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Let $n$ et $k\in \mathbb{N}$ such that : $k\leq n $

Show that :$${n \choose k}\leq n^{k}$$

My thoughts:

note that for all $\ k\leq n$ :

$${n \choose k}=\frac{n!}{k!(n-k)!}$$

To prove that the following statement, which we will call $P(n)$, holds for all natural numbers n:$${n \choose k}\leq n^{k}$$

so my proof that P(n) is true for each natural number n proceeds as follows:

Basis: Show that the statement holds for $n=0$.

P($0$) amounts to the statement: $${0 \choose 0}=\frac{0!}{0!(0-0)!}\leq 0^{0},\quad (k\leq 0 \implies k=0)$$ $$0\leq 0 $$ the statement is true for $n=0$. Thus it has been shown that P($0$) holds.

Inductive step: Show that if P($k$) holds, then also P(${k+1}$) holds. This can be done as follows.

Assume P($n$) holds. It must then be shown that P($n+1$) holds, that is: $${{n+1} \choose k}\leq {(n+1)}^{k}$$

note that $$\binom{n+1}{k+1} = \frac{(n+1)}{(k+1)}\binom n k$$

$$\binom{n+1}{k} = \frac{(n+1)}{(k)}\binom n {k-1}$$

Using the induction hypothesis that P($n$) holds, the last expression can be rewritten to: $$\binom{n+1}{k} = \frac{(n+1)}{(k)}\binom n {k-1}\leq \frac{(n+1)}{(k)}{(n)}^{k-1}$$

i'm stuch here thereby i can't showing that indeed P($n+1$) holds.

  • Am i right and is there others ways to prove it

Edit:

Basis: Show that the statement holds for $n=0$.

P($0$) amounts to the statement: $${0 \choose 0}=\frac{0!}{0!(0-0)!}\leq 0^{0},\quad (k\leq 0 \implies k=0)$$ $$0\leq 0 $$ the statement is true for $n=0$. Thus it has been shown that P($0$) holds.

Inductive step: Show that if P($k$) holds, then also P(${k+1}$) holds. This can be done as follows.

Assume P($n$) holds. It must then be shown that P($n+1$) holds, that is: $${{n+1} \choose k}\leq {(n+1)}^{k}$$

note that $\displaystyle{n+1 \choose k}={n \choose k-1}+{n \choose k}$ Using the induction hypothesis that P($n$) holds, the last expression can be rewritten to:

$$\displaystyle{n+1 \choose k}\le n^{k-1}+n^k=(1+n)n^{k-1} \le (n+1)^k$$ though for completeness you might add that $${n+1 \choose 0}=1\le (n+1)^0$$ and $${n+1 \choose n+1}=1\le (n+1)^{n+1}$$.

because the main part does not quite work for $$\displaystyle {n+1 \choose 0}={n \choose -1}+{n \choose 0}$$ or for $$\displaystyle{n+1 \choose n+1}={n \choose n}+{n \choose n+1}$$

the inductive hypothesis does not cover either $\displaystyle{n \choose -1}$ or $\displaystyle{n \choose n+1}.$

Is my reasoning correct

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    $\begingroup$ $n \in \mathbb{N}$, so basis must be shown for $n = 1$, not $0$. $\endgroup$ Jan 4, 2015 at 9:41
  • $\begingroup$ I wonder how hard it would be to turn the idea of "both sides are the number of ways to choose $k$ objects from $n$, but the right hand side keeps track of order" into a proof. To be honest, I've accepted reasoning like this when teaching combinatorics but standards vary. Maybe write, with $J = \{1, \dots, n\}$, the obvious map $J^n \to (\text{subsets of $J$ of size $k$})$, argue that it's surjective. Of course, then one ought to justify that the two sides have the right orders, that a surjection between finite sets induces an inequality... $\endgroup$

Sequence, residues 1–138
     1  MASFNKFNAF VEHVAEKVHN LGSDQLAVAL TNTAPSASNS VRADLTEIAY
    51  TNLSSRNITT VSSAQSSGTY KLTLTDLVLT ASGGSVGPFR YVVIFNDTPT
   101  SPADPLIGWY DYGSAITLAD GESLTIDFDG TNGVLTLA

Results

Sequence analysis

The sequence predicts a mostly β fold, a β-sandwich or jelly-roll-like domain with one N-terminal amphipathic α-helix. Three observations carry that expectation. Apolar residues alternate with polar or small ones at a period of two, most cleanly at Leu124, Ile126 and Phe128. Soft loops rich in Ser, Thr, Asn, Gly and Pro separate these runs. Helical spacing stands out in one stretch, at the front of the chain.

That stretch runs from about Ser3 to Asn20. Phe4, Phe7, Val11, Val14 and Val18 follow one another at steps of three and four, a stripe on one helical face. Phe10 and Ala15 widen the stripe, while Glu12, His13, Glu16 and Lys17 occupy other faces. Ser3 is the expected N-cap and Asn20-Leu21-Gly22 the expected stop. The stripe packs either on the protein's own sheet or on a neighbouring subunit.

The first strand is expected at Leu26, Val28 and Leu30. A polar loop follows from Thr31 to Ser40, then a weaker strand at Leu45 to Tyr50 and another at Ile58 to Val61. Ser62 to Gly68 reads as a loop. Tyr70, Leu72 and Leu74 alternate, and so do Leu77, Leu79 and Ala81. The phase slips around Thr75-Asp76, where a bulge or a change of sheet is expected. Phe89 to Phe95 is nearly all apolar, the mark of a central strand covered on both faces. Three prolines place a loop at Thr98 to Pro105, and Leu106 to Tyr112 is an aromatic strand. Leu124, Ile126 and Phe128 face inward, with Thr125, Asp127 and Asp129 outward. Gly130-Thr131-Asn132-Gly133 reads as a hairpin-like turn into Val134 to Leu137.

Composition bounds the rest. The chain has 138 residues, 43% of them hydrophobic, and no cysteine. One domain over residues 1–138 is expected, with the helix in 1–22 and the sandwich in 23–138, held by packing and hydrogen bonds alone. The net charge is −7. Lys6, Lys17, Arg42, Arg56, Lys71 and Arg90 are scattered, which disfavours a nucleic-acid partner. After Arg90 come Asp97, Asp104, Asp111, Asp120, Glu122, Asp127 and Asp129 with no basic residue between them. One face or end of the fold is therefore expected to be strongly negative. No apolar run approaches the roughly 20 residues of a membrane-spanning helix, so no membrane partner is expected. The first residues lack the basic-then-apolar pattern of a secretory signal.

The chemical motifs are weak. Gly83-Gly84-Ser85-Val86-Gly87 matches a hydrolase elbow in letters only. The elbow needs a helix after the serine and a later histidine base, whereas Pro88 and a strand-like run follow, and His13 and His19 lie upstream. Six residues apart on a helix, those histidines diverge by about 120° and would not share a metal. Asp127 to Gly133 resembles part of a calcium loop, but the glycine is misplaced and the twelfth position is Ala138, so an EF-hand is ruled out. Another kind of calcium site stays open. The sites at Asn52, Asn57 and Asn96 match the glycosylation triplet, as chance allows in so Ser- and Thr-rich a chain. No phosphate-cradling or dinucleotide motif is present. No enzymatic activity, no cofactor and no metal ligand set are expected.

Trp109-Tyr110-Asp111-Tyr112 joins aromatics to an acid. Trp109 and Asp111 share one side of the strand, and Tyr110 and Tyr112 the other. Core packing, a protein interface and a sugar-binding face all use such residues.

– Hoot
    Jan 4, 2015 at 9:55

3 Answers 3

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Another idea: $$ \binom{n}{k} = \frac{n(n-1)(n-2) \cdots (n-k+1)}{k!} \leq n(n-1)(n-2) \cdots (n-k+1) \leq n^k. $$

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  • $\begingroup$ but you didn't told me if i am right or nope or even we can prove it by induction $\endgroup$
    – Educ
    Jan 4, 2015 at 12:28
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$n \choose k$ counts the number of subsets of size $k$ from a set of $n$ elements. $n^k$ counts the number of ordered strings of length $k$ from a set of $n$ elements. Clearly, there are more ordered strings of length $k$ than there are unordered subsets of the size $k$, and thus the inequality holds.

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It can be shown by induction.

From Pascal's triangle you have $\displaystyle{n+1 \choose k}={n \choose k-1}+{n \choose k}$ and so applying your inductive hypothesis $$\displaystyle{n+1 \choose k}\le n^{k-1}+n^k=(1+n)n^{k-1} \le (n+1)^k$$ though for completeness you might add that ${n+1 \choose 0}=1\le (n+1)^0$ and ${n+1 \choose n+1}=1\le (n+1)^{n+1}$.

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  • $\begingroup$ is my statement holds for $n=0$. $\endgroup$
    – Educ
    Jan 4, 2015 at 13:21
  • $\begingroup$ By convention in combinatorics $0^0=1$ to make the binomial expansion work, so I do not see a problem with your initial step. $\endgroup$
    – Henry
    Jan 4, 2015 at 13:24
  • $\begingroup$ so i have just to add what you wrote and my prove will be okay $\endgroup$
    – Educ
    Jan 4, 2015 at 13:24
  • $\begingroup$ My answer was designed to replace your inductive step $\endgroup$
    – Henry
    Jan 4, 2015 at 13:25
  • $\begingroup$ but i can't see why we ve to add that : ${n+1 \choose 0}=1\le (n+1)^0$ and ${n+1 \choose n+1}=1\le (n+1)^{n+1}$. i think $\displaystyle{n+1 \choose k}\le (n+1)^k$ holds for $k\leq n$ am i right ? $\endgroup$
    – Educ
    Jan 4, 2015 at 13:31

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